Although “mass incarceration” is now a commonly used term among academics and policymakers alike, the huge increase in imprisonment in the United States since the 1970s was also accompanied by an expansion of many other aspects of the criminal justice system. For example, at year end 2015, one out of 53 US adults was on community supervision – either probation or parole – according the Bureau of Justice Statistics.
The surveillance and monitoring that is central to community supervision puts parolees and probationers at heightened risk of imprisonment for technical violations, but that is not the only punishment available to authorities. Alternative punishments, or what are sometimes called short-term custodial sanctions, can mean short stays in jail, residential prisoner reentry centers, or probation detention. These sanctions are a common occurrence that has real employment impacts for those who experience them.
While researchers have long been studying the effects of imprisonment, until recently little was known about the effects of these short-term custodial sanctions. On the one hand, such sanctions could interrupt a job search, sever social ties, enhance the stigma of a felony record, or lead to the loss of a job. On the other hand, such sanctions are a response to violations of parole like absconding or substance use. They might interrupt a downward trajectory or provide needed services at a crucial moment.
The decision to become a stay-at-home parent is often not easy – many parents weigh the costs of career sacrifices relative to the benefits of increased family time. They might want to consider another cost: how easy will it be to return to work?
Previous research has demonstrated that unemployed job applicants are disadvantaged in the hiring process relative to applicants who had no employment lapses. Researchers have also studied how parents who try to balance family demands with inflexible workplaces can face penalties at work – sometimes leading them to “opt out” of work to become stay-at-home parents. My recent study builds on this research to examine what happens to stay-at-home parents who want to return to work.
The narrowing of the gender wage gap is an important indicator of progress toward gender equality. This pay gap narrowed substantially during the 1980s and then more slowly during the 1990s and early 2000s. After 2007, wage convergence ceased entirely. Why?
Conventional analyses attribute changes in the female-male wage ratio to corresponding changes in the work experience and qualifications of the female workforce. My research broadens this focus by examining how changes in women’s occupational career paths, and in the relative earnings of the occupations to which those career paths lead, impacted the gender wage gap over the period 1979 to 2015.
“The problem is not that we don’t want to hire women or scholars of color, it’s that there aren’t enough graduating from the departments from which we typically hire.” I heard this refrain often during my stint as a co-PI on Cornell’s NSF-funded initiative to diversify its STEM faculty, and it’s echoed in reports from similar initiatives at other universities.
An assumption embedded in this refrain is that the pipeline of women and scholars of color graduating from elite PhD programs – “the departments from which we typically hire” – is smaller than overall pool of women and scholars of color in a field. This is a claim about segregation: it’s not just that men and women, for example, earn PhDs in different fields (“field segregation”), but that they earn PhDs from programs that differ in prestige (“prestige segregation”).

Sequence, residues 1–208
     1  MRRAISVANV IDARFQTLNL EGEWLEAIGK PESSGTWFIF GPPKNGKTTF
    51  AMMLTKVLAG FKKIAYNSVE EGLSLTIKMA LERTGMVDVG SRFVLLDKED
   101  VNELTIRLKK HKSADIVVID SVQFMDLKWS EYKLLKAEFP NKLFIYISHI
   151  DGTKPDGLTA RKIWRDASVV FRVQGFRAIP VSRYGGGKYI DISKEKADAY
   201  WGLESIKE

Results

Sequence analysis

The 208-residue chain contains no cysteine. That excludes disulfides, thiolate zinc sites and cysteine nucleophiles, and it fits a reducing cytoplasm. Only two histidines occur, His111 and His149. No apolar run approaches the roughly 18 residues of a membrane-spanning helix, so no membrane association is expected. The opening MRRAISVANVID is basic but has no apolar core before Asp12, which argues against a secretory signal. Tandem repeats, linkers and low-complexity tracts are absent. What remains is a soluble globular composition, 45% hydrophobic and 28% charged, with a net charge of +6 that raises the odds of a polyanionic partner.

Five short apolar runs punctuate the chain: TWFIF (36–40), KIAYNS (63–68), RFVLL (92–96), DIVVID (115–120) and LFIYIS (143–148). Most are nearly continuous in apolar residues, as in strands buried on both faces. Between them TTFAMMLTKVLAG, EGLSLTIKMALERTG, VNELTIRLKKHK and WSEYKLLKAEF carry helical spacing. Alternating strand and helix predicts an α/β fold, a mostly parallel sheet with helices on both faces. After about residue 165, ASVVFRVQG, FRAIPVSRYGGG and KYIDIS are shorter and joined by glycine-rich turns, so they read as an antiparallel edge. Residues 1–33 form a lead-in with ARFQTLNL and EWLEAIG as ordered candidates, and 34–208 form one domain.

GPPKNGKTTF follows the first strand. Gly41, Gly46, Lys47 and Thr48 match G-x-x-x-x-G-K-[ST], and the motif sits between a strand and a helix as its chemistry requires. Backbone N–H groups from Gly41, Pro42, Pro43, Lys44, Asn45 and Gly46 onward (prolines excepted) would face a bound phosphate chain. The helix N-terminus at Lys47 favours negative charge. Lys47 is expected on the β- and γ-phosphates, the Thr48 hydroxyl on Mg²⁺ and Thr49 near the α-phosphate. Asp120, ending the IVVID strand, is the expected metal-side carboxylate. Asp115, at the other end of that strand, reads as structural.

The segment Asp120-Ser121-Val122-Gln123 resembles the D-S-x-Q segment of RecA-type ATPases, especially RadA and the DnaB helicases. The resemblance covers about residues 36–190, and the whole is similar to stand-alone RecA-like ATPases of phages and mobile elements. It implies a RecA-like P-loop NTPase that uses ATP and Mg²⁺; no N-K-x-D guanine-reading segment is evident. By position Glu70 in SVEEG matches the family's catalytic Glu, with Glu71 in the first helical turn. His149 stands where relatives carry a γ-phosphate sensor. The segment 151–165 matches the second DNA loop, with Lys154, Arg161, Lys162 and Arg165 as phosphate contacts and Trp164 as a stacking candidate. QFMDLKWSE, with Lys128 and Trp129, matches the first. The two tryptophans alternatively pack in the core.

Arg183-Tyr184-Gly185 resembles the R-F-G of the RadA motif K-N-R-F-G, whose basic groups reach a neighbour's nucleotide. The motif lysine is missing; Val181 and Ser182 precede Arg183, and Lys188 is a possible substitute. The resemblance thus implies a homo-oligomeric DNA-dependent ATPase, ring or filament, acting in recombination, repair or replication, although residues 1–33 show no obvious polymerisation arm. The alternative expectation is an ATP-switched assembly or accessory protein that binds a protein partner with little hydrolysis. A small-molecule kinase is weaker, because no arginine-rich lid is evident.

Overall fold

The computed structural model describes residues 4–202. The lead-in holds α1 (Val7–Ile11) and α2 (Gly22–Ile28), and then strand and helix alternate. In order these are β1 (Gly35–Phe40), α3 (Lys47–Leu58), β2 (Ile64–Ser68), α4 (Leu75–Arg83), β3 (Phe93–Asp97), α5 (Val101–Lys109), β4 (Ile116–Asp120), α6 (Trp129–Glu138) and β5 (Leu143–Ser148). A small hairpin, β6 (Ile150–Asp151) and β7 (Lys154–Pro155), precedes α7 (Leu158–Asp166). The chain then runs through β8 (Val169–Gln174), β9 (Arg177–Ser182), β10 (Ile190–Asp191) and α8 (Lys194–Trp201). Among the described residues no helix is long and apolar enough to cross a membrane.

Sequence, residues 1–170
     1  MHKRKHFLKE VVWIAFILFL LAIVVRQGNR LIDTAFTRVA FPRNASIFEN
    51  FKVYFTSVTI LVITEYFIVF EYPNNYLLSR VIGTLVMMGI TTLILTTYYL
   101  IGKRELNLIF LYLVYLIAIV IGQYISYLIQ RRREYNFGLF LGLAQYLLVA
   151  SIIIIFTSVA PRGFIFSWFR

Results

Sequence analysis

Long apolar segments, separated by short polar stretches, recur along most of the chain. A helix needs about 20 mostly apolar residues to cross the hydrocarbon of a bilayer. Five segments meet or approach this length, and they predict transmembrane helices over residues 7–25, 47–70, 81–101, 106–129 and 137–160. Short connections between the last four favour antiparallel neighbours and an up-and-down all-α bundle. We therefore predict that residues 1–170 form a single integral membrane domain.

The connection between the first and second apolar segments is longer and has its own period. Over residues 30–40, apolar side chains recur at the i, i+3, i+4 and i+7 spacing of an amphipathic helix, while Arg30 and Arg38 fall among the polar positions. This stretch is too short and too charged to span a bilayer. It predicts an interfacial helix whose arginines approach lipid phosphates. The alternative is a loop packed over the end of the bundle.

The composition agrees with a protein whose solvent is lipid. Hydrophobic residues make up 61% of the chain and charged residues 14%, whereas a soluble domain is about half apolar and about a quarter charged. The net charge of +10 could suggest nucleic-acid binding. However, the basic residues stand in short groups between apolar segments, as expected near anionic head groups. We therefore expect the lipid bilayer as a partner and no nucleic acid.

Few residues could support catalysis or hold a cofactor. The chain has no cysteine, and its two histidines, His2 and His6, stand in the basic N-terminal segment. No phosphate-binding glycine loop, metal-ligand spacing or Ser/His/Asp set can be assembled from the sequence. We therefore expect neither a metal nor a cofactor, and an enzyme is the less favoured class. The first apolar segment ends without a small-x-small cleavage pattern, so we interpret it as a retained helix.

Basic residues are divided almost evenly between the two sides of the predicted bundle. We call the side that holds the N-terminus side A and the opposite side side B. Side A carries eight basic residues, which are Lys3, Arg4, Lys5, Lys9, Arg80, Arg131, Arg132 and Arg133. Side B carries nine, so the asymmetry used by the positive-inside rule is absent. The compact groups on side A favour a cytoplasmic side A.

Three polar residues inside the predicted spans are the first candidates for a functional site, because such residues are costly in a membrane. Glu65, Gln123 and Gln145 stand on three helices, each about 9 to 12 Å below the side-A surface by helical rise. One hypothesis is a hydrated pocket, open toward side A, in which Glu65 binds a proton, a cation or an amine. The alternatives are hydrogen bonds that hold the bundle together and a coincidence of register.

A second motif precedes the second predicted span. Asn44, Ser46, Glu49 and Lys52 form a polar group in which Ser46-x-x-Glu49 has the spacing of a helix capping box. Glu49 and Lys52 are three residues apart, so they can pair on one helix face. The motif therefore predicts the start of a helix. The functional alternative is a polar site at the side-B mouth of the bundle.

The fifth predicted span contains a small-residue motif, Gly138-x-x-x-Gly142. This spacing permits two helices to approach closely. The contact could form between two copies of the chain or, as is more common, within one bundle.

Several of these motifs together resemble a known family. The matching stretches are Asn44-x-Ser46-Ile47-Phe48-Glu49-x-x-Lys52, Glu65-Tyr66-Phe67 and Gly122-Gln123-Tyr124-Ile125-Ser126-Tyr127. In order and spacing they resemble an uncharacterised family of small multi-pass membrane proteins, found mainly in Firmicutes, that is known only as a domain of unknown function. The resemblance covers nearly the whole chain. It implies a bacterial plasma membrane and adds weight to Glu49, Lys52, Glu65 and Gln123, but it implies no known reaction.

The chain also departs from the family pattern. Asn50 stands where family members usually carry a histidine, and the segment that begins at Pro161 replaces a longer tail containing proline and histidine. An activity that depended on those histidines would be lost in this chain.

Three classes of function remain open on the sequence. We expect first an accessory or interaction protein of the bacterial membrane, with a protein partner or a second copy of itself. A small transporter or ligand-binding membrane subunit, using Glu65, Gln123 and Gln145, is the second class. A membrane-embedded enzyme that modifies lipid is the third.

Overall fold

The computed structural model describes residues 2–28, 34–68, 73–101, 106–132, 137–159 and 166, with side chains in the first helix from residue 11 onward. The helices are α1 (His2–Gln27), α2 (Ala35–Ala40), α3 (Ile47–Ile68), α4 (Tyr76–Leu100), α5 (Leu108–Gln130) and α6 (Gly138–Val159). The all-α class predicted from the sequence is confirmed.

But, how much prestige and field segregation is there in American doctoral education? Do all fields show prestige segregation, or just some of them? Are differences in prestige segregation across fields predicted by differences in the emphasis put on math skills?
To answer these questions, Dafna Gelbgiser, Sarah Thébaud, and I analyzed data on all PhDs awarded by gender, PhD field (e.g., economics, physics), and institution (e.g., SUNY-Binghamton, MIT) in the United States between 2003 and 2014. We linked these data to National Research Council rankings of PhD-granting programs (e.g., Cornell Sociology) and to Educational Testing Service data on the mean verbal and math Graduate Record Exam scores of test-takers in a field.
We excluded Masters and professional degrees, and limited our analysis to gender segregation. We are working on a similar analysis of racial segregation.
Over the past decade, Europe has stumbled from crisis to crisis. The conflict-ridden management of the continent’s troubled currency union gave way to discord over migration issues, from the freedom of movement within the continent’s Internal Market to the mass influx of refugees from Syria. Most recently, uncertainty over Britain’s decision to exit (Brexit) the European Union has taken center stage.
The series of calamities seems unending, and each episode seems to be the next step in the progressive disintegration of Europe’s established political economic order.
In addition, populism of an exclusionary bent has made a nasty comeback in the polls, and support for social democratic parties has fallen rapidly. This has made it practically impossible for progressives across the continent to offer viable alternatives to center-right governments.
Observers worry that the continent might have lost its capacity to maintain the egalitarian societies and socially embedded markets that have long informed arguments for social democratic reforms in the United States.
What are the lessons from recent developments? How should social scientists respond? What is the way forward for political activists?
In a recent paper I explore contemporary challenges to institutional reproduction and social citizenship in Europe, focusing on the dynamics of transformation transnationally and within two countries, Germany and Denmark.